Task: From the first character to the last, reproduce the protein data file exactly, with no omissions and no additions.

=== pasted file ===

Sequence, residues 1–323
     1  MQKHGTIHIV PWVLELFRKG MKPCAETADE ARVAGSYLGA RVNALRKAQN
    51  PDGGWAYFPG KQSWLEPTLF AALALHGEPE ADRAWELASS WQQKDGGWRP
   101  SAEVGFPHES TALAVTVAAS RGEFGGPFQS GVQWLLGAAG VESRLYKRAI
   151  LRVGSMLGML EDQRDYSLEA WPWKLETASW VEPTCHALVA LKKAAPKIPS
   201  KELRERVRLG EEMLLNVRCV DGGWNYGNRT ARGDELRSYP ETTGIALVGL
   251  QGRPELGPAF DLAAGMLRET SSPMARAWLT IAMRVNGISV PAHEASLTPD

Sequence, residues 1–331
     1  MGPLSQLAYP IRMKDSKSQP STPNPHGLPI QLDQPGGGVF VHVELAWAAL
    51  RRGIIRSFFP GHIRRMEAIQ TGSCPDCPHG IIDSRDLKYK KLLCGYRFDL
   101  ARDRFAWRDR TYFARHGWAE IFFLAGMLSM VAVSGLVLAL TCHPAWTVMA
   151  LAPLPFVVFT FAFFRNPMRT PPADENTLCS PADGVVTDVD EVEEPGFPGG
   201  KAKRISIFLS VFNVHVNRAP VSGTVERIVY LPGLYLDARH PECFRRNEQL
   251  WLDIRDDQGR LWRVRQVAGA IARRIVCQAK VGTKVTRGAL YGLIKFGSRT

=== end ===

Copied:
Sequence, residues 1–323
     1  MQKHGTIHIV PWVLELFRKG MKPCAETADE ARVAGSYLGA RVNALRKAQN
    51  PDGGWAYFPG KQSWLEPTLF AALALHGEPE ADRAWELASS WQQKDGGWRP
   101  SAEVGFPHES TALAVTVAAS RGEFGGPFQS GVQWLLGAAG VESRLYKRAI
   151  LRVGSMLGML EDQRDYSLEA WPWKLETASW VEPTCHALVA LKKAAPKIPS
   201  KELRERVRLG EEMLLNVRCV DGGWNYGNRT ARGDELRSYP ETTGIALVGL
   251  QGRPELGPAF DLAAGMLRET SSPMARAWLT IAMRVNGISV PAHEASLTPD

Sequence, residues 1–331
     1  MGPLSQLAYP IRMKDSKSQP STPNPHGLPI QLDQPGGGVF VHVELAWAAL
    51  RRGIIRSFFP GHIRRMEAIQ TGSCPDCPHG IIDSRDLKYK KLLCGYRFDL
   101  ARDRFAWRDR TYFARHGWAE IFFLAGMLSM VAVSGLVLAL TCHPAWTVMA
   151  LAPLPFVVFT FAFFRNPMRT PPADENTLCS PADGVVTDVD EVEEPGFPGG
   201  KAKRISIFLS VFNVHVNRAP VSGTVERIVY LPGLYLDARH PECFRRNEQL
   251  WLDIRDDQGR LWRVRQVAGA IARRIVCQAK VGTKVTRGAL YGLIKFGSRT